El Santuario de Chimayo, a small shrine located in the Sangre de Cristo Mountains of Chimayo, New Mexico, has been a place of worship since before its construction in 1813. For generations, American Indians, Hispanics, and other people of faith have traveled to the site of El Santuario to ask for healing for themselves and others, and to offer prayers of petition and of thanksgiving for favors received. Following a long tradition of miraculous shrines, El Santuario is now one of the most important Catholic pilgrimage centers in the United States and one of the most beautiful examples of Spanish Colonial architecture in New Mexico. Today El Santuario de Chimayo, also known as Lourdes of America, attracts over 300,000 pilgrims from all over the Southwest and elsewhere each year. Thousands of pilgrims walk to El Santuario from Santa Fe and other starting points during Holy Week.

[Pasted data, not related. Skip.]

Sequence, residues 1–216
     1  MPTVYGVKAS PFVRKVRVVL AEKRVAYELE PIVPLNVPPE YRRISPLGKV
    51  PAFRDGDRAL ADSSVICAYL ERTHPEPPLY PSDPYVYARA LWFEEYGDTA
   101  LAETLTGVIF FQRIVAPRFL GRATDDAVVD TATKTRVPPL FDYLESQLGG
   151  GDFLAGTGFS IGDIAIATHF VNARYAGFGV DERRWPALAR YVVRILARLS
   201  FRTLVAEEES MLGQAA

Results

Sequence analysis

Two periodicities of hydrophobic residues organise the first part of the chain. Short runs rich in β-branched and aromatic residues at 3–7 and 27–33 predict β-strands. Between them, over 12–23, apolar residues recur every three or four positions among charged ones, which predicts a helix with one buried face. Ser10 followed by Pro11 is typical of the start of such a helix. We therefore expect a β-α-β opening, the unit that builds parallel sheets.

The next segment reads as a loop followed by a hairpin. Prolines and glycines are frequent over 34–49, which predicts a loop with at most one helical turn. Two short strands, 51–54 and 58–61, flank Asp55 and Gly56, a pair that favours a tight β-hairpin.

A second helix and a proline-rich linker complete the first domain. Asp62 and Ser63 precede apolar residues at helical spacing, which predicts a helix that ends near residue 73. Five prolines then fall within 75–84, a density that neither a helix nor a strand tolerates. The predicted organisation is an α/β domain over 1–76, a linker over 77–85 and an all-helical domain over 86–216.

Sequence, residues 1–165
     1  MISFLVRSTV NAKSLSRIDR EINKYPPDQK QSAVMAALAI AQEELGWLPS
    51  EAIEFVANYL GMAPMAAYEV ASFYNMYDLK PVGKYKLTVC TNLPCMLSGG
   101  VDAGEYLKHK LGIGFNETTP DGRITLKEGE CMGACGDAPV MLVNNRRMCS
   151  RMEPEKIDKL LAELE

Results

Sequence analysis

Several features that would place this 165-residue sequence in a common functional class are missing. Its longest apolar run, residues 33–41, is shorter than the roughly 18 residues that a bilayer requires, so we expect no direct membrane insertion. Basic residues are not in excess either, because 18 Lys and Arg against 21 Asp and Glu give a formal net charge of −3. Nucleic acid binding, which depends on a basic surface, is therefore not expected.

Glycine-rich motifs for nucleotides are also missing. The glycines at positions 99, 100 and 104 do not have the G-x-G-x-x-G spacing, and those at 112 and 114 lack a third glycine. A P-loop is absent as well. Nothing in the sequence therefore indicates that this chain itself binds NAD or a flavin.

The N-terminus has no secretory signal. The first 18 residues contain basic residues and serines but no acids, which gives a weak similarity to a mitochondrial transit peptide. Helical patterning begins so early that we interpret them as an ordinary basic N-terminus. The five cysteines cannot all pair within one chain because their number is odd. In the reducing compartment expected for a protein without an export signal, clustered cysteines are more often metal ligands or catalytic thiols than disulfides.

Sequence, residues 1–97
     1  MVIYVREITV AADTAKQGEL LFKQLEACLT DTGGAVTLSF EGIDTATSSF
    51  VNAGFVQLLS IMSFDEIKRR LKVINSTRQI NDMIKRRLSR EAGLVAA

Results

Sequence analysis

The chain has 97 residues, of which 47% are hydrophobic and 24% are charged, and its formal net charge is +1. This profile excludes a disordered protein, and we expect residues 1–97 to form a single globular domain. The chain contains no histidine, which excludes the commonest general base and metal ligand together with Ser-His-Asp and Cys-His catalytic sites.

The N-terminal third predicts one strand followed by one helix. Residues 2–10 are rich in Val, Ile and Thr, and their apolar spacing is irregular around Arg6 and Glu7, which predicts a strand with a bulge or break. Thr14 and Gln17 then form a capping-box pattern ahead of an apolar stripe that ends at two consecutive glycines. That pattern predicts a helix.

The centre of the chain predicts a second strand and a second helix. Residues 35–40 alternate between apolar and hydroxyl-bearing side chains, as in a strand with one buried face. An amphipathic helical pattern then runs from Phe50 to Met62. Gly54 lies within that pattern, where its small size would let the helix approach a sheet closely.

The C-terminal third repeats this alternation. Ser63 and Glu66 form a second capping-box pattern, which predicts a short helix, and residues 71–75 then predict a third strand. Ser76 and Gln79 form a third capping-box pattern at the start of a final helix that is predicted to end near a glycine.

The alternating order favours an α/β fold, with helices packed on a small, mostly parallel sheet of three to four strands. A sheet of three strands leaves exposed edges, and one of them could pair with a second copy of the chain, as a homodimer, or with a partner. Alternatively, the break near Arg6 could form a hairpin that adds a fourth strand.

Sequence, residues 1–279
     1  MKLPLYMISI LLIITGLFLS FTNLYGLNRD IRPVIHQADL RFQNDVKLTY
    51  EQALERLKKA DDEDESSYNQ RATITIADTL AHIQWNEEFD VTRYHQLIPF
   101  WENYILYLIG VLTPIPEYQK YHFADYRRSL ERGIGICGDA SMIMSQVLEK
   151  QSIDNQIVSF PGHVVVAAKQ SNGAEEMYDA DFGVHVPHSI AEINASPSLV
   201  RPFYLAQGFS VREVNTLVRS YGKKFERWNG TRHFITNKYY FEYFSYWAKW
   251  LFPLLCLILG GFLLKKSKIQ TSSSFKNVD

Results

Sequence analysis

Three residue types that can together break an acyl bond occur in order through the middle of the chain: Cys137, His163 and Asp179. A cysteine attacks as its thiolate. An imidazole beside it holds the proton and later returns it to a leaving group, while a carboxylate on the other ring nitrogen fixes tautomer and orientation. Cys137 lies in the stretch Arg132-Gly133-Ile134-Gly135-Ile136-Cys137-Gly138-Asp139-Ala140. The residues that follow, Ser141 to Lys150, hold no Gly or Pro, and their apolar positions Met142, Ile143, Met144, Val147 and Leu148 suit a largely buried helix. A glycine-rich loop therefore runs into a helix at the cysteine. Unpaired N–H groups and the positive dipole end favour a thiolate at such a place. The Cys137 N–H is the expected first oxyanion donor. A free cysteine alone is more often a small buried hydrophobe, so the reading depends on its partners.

Pueblo Indians have inhabited the Chimayo area since the 12th century, long before the initial Spanish conquest of New Mexico. When they arrived, the Spanish committed to converting the natives to Christianity, which became a major point of friction between the Catholic Church and the American Indians. In 1680, the Pueblo Indians revolted temporarily ending Spanish commitment to the region. The Tewa Indians named Chimayo as “Tsi-Mayoh,” after one of four sacred hills above the valley, which lies directly behind El Santuario de Chimayo. The Pueblo Indians believed that they shared their land with supernatural beings. The natives thought the healing spirits were to be found in the form of hot springs, which ultimately dried up leaving the healing earth. The Pueblo and Tewa used the site of El Santuario de Chimayo for healing long before Spanish occupation.